October 4 was Manufacturing Day, a day designed to inspire the current and next generation of manufacturers. There’s no doubt that attracting and retaining early career talent is paramount to the success of U.S. manufacturing, especially amid the growing concern about the number of manufacturing jobs that will go unfilled in the future.
There are many ways in which the industry can make manufacturing a more attractive career path to young people. One of the keys is to reflect on how people have been taught in schools and in universities over the last decade. The six-inch binder is not the tool of choice for younger people to learn and do their jobs – it’s digital. Technology needs to be at the forefront of this conversation; giving industrial workers modern digital tools to streamline processes and ensure their work is being performed with precision and care helps new recruits view manufacturing as a modern, rewarding industry.
However, while offering more efficient workflows absolutely tackles some of the misperceptions around a career in manufacturing, there is an additional aspect to technology that will make this field more enticing: creating safer work environments.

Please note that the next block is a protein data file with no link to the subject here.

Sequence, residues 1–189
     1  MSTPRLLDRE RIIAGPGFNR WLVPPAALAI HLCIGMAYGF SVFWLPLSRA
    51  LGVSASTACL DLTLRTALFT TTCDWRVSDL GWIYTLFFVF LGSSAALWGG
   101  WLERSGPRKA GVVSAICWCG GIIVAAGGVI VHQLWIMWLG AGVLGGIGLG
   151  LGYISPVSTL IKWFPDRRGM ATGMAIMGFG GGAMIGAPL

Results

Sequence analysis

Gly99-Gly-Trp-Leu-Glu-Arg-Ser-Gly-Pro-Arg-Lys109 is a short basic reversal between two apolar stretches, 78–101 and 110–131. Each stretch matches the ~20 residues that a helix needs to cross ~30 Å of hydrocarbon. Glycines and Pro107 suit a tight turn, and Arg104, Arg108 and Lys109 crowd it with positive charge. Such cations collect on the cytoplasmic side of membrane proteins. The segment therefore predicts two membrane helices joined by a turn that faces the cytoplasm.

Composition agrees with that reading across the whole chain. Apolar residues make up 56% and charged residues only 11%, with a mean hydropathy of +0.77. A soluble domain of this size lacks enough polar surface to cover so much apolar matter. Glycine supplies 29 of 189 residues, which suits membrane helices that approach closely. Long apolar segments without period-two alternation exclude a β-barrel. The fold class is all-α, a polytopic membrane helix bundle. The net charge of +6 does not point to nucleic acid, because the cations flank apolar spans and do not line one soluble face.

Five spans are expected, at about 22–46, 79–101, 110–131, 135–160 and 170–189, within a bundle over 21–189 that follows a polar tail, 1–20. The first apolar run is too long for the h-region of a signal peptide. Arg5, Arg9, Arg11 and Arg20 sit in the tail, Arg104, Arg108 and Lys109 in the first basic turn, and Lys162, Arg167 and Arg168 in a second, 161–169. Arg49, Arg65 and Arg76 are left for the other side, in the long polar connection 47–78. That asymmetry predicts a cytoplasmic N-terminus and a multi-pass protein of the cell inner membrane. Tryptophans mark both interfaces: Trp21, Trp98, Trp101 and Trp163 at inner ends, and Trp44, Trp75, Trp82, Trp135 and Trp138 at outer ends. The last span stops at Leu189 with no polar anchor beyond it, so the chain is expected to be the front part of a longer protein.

The U.S. Bureau of Labor Statistics reported late last year that there were a total of 5,147 fatal work injuries in 2017 – many of which were comprised of workers in industrial environments. That total number is almost unchanged from a decade ago, so it’s clear the world must do better in making work safer. There is a high correlation between safety and productivity, especially if safety practices can avoid episodic and often catastrophic incidents.
One of the best ways to ensure safety is to reduce the potential for human error. Human error accounts for many work safety incidents, and in the manufacturing world, those incidents can be incredibly dangerous. From incorrect operation of machinery to failure to follow protocol, human error on the plant floor is a major risk to everyone. Humans are smart, attentive and motivated, but in industrial environments – especially under stress – more help is needed.
That’s where technology comes in to guide and drive adherence to safety best practices. With these modern digital tools, safety becomes embedded into the daily work execution, not a separated set of tasks managed by the environmental, health and safety team.